I thought Alex's response was justified as he experienced some similar experiences with the painting. I feel Angela's boss' reaction was a bit of a leap, however. He viewed her on the security footage watching the painting and talking to it. It was a bit of a stretch to know that she was reliving events of the past or talking to the painting, itself. Overall, I don't think it affected the book. But, it was one of the portions of the book that was the most unrealistic.

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Post by bookowlie » 25 Jun 2018, 13:07

bclayton13 wrote:
23 Jun 2018, 23:38
cristinaro wrote:
04 Jun 2018, 06:55
Well, the past-life interludes were not exactly realistic to me. In many instances, I had the impression Alex treated everything too carelessly and light-heartedly. Besides, he does not seem to have any problem in Angela kissing him during her trance episodes. Did you notice that the action takes place between August 3 and September 15? Let's say they were lovers in other lives and their instant connection is explainable as such. However, there are too many things happening too fast over a very short period of time. I would have liked the past-life episodes to be much more detailed for the story to gain credibility.
I agree completely. I felt that there wasn't enough credibility and they just accepted it. At the very least a little more skepticism would've made the whole situation a little more relatable, or understandable. And her kissing him during the trance episodes bothered me slightly, and I think it should've bothered him. There was a slight question of consent, since she wasn't 'all there'. Sure, they had feelings for each other and to them that made it all right but I felt like that should've been addressed.
I agree that it was weird that Alex just accepted Angela's strange behavior too easily. As for the question of consent, it was on the high part of the "ewww" scale for me. The first time he saw her (talking to the painting), they were complete strangers so it's not like they had feelings for each other at that point.
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Post by AWANDO OGUTU » 25 Jun 2018, 13:25

I don't believe in past life regression much the same way I don't believe in reincarnation. I think it's all but fictional.

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Post by bclayton13 » 25 Jun 2018, 15:16

bookowlie wrote:
25 Jun 2018, 13:07
bclayton13 wrote:
23 Jun 2018, 23:38
cristinaro wrote:
04 Jun 2018, 06:55
Well, the past-life interludes were not exactly realistic to me. In many instances, I had the impression Alex treated everything too carelessly and light-heartedly. Besides, he does not seem to have any problem in Angela kissing him during her trance episodes. Did you notice that the action takes place between August 3 and September 15? Let's say they were lovers in other lives and their instant connection is explainable as such. However, there are too many things happening too fast over a very short period of time. I would have liked the past-life episodes to be much more detailed for the story to gain credibility.
I agree completely. I felt that there wasn't enough credibility and they just accepted it. At the very least a little more skepticism would've made the whole situation a little more relatable, or understandable. And her kissing him during the trance episodes bothered me slightly, and I think it should've bothered him. There was a slight question of consent, since she wasn't 'all there'. Sure, they had feelings for each other and to them that made it all right but I felt like that should've been addressed.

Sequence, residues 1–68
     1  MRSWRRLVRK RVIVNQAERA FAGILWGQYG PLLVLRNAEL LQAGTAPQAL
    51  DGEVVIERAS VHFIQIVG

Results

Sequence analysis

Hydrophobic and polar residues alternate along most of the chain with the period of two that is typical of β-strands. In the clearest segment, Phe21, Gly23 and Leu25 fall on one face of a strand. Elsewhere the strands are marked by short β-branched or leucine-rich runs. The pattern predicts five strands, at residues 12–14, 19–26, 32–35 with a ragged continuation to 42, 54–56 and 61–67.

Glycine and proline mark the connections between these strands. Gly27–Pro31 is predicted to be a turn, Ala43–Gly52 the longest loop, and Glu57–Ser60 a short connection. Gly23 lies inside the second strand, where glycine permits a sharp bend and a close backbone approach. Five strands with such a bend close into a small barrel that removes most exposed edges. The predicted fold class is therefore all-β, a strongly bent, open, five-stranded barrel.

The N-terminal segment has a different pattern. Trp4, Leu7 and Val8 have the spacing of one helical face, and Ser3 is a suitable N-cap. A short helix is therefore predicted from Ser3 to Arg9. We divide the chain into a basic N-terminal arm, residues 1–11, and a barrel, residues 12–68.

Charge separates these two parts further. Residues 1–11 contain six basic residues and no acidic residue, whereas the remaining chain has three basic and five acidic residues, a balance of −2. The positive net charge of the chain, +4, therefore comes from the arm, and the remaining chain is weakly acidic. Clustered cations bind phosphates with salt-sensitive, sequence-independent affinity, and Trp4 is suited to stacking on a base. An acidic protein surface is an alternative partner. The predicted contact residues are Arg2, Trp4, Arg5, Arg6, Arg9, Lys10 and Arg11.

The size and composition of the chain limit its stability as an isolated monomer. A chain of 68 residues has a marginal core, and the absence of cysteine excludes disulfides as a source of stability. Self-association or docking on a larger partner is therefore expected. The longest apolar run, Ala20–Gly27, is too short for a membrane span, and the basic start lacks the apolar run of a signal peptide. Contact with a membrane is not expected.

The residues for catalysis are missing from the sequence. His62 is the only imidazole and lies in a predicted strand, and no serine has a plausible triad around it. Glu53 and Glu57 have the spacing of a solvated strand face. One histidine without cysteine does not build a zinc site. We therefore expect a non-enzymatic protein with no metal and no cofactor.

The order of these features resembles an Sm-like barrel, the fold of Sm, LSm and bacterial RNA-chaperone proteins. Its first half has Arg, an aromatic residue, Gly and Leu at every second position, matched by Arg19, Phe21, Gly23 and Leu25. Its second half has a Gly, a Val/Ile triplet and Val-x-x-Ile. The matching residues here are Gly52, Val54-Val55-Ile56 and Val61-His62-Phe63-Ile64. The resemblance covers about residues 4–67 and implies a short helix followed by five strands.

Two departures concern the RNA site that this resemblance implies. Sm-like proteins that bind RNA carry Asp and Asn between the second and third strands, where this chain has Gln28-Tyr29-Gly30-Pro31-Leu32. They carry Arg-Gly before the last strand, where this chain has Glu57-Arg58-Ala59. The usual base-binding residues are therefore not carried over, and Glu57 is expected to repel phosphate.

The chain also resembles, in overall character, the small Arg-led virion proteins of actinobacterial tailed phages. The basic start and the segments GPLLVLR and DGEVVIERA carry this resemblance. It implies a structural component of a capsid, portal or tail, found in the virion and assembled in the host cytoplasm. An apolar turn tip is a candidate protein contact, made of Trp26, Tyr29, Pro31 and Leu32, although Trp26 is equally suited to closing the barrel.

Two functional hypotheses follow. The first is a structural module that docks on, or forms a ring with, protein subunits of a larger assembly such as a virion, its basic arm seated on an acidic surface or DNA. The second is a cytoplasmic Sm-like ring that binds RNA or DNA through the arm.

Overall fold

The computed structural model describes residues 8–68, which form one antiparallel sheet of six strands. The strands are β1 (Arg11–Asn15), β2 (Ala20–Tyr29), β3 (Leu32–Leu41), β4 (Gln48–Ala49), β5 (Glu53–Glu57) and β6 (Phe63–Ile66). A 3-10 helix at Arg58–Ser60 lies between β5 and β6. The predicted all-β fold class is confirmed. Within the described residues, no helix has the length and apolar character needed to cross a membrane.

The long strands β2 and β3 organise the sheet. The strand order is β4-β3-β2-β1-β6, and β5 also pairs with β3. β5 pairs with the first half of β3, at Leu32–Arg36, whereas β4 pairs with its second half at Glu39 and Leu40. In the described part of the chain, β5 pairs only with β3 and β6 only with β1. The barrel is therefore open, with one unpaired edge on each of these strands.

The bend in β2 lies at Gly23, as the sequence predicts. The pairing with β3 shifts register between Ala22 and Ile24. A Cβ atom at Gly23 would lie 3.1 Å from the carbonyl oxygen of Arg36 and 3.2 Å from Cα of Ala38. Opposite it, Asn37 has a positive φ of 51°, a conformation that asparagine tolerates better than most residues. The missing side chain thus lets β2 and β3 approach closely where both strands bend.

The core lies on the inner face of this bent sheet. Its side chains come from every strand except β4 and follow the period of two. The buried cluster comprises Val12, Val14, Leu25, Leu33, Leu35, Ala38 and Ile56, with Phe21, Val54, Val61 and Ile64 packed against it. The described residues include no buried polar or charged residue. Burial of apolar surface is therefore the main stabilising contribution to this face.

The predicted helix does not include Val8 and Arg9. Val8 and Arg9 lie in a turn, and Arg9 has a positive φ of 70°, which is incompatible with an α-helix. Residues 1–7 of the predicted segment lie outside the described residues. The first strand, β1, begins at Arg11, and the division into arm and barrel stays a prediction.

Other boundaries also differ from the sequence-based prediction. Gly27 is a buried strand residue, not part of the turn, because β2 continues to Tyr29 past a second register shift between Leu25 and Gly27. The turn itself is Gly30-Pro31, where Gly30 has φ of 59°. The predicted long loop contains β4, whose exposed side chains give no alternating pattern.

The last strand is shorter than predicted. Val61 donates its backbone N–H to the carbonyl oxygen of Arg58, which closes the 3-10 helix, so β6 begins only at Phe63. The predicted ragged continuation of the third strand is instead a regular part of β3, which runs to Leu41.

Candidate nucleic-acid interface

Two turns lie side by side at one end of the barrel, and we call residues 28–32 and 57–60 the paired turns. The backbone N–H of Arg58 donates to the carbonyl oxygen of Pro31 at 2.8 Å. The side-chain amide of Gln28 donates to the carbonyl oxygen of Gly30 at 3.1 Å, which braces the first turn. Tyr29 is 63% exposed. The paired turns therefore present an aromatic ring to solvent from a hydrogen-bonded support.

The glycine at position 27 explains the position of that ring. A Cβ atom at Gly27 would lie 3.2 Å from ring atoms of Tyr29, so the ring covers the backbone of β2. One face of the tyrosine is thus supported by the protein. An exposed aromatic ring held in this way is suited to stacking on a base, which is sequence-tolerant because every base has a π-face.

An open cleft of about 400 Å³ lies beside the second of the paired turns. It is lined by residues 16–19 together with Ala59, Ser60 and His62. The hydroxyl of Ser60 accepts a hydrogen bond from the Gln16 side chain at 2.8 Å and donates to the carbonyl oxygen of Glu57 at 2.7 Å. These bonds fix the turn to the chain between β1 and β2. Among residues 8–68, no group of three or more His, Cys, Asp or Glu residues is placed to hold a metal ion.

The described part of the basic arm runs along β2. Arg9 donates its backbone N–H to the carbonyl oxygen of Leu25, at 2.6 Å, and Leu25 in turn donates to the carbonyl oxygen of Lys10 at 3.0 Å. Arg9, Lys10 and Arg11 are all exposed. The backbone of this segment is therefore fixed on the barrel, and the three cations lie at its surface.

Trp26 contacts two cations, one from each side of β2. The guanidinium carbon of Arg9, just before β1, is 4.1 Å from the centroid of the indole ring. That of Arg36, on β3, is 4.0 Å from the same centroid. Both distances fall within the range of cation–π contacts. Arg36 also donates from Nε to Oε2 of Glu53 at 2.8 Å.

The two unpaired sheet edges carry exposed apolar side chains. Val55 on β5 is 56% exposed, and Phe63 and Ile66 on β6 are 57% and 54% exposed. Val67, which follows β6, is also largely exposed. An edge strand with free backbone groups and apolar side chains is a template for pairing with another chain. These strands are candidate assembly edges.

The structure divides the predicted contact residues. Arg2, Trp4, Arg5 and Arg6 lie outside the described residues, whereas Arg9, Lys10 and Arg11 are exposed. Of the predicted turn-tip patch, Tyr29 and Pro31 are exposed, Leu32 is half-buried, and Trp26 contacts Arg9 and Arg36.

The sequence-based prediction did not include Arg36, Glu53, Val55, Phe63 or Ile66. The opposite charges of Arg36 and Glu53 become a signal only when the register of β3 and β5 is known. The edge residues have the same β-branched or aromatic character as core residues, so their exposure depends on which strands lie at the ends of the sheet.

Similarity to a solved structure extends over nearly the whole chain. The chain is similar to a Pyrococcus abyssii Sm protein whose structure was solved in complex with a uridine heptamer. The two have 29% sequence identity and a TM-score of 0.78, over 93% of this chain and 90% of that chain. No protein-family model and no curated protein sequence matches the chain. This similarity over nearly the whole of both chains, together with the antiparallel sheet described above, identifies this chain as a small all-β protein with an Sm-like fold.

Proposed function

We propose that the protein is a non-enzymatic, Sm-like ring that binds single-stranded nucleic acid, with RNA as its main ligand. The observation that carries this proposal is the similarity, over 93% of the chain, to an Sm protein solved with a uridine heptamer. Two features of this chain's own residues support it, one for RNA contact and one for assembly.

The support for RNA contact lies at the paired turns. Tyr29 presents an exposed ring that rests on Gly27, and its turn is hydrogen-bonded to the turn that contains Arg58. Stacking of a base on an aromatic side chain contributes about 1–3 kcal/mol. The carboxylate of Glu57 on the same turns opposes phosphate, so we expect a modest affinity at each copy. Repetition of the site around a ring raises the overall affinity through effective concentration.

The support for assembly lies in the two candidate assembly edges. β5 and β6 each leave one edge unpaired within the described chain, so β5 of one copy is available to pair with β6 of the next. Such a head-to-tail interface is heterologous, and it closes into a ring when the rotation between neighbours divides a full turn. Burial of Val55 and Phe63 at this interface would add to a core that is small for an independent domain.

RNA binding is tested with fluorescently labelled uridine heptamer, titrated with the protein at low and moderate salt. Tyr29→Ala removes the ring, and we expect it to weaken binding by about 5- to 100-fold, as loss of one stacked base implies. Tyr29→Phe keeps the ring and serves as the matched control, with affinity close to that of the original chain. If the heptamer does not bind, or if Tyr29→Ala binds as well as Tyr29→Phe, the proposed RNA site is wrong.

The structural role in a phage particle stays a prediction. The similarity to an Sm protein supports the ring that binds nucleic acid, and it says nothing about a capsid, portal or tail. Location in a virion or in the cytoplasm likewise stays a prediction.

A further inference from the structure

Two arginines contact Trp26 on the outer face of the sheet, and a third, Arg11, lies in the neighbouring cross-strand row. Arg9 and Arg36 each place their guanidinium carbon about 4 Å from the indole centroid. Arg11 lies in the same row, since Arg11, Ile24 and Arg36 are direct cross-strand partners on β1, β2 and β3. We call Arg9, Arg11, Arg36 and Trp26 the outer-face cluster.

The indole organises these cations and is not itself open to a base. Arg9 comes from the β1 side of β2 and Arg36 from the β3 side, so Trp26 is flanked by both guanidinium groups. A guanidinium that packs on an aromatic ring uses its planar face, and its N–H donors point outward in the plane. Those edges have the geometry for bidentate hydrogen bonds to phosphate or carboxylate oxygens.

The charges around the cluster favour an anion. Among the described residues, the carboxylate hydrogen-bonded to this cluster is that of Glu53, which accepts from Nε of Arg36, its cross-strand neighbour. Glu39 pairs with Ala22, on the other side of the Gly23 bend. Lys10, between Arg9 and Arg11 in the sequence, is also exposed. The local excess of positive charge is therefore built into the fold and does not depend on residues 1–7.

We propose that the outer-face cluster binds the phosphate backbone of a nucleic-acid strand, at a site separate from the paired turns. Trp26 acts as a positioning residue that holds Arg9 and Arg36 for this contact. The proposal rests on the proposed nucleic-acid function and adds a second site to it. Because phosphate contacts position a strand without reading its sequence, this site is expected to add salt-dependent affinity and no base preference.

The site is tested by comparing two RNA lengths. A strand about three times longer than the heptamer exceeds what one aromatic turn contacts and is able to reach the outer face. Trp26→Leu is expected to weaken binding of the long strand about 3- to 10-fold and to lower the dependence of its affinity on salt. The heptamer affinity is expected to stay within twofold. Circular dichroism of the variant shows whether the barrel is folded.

I agree that it was weird that Alex just accepted Angela's strange behavior too easily. As for the question of consent, it was on the high part of the "ewww" scale for me. The first time he saw her (talking to the painting), they were complete strangers so it's not like they had feelings for each other at that point.
You're right! Ugh that makes it even worse. And the book tried so very, very hard to explain it away with "but they're soulmates! They loved each other before, in their past lives!" That didn't quite work for me.

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Post by bookowlie » 25 Jun 2018, 17:54

Bclayton13, I agree that the subtle "they loved each other in past lives" was a simplistic way of getting the reader to accept the way the two of them acted toward each other. I have a problem in a book when people get too close romantically to people they just met, especially if there are red flags.
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Post by JM Hill » 25 Jun 2018, 22:21

Miriam Molina wrote:
05 Jun 2018, 18:22
Reincarnation and past-life regression go hand in hand. I am Catholic, but I am open to those ideas because of our concept of purgatory as a place for cleansing in preparation for entering heaven. Going through many lives might be the purgatory that we believe in.
I think your being open minded to the ideas of reincarnation and past-life regression is very undogmatic of you, particularly being Catholic.

I happen to believe in reincarnation and therefore tend to believe in regression but I've never seen it in practice. Even if the person doesn't go back to previous lives, maybe regression is helpful in other ways such as issues buried in the subconscious.
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Post by Jkhorner » 26 Jun 2018, 10:20

I personally strongly disliked the past life regression aspect of the book. One can feel a connection to a character in history without actual trances and visions and ghosts pulling you into their literal past lives. The story was fascinating enough without the supernatural elements; I, too, rolled my eyes at the explanation of reincarnation.

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Post by kfwilson6 » 26 Jun 2018, 12:18

AWANDO OGUTU wrote:
25 Jun 2018, 13:25
I don't believe in past life regression much the same way I don't believe in reincarnation. I think it's all but fictional.
Sometimes I look at thinks I purely take as fiction from the standpoint of, IF this were real, is the author's explanation plausible. For instance, if past life regressions are triggered by the spirit of one's former self pulling one into a vision, I find that a little ridiculous. The idea of dreaming about past lives seems a little easier to swallow or even having visions triggered by certain similar experiences. I guess I think of it sort of like deja vu. I don't personally believe that deja vu experiences are memories of a former life I led, but that explanation is plausible to me, if I suspend my personal opinion that reincarnation doesn't happen.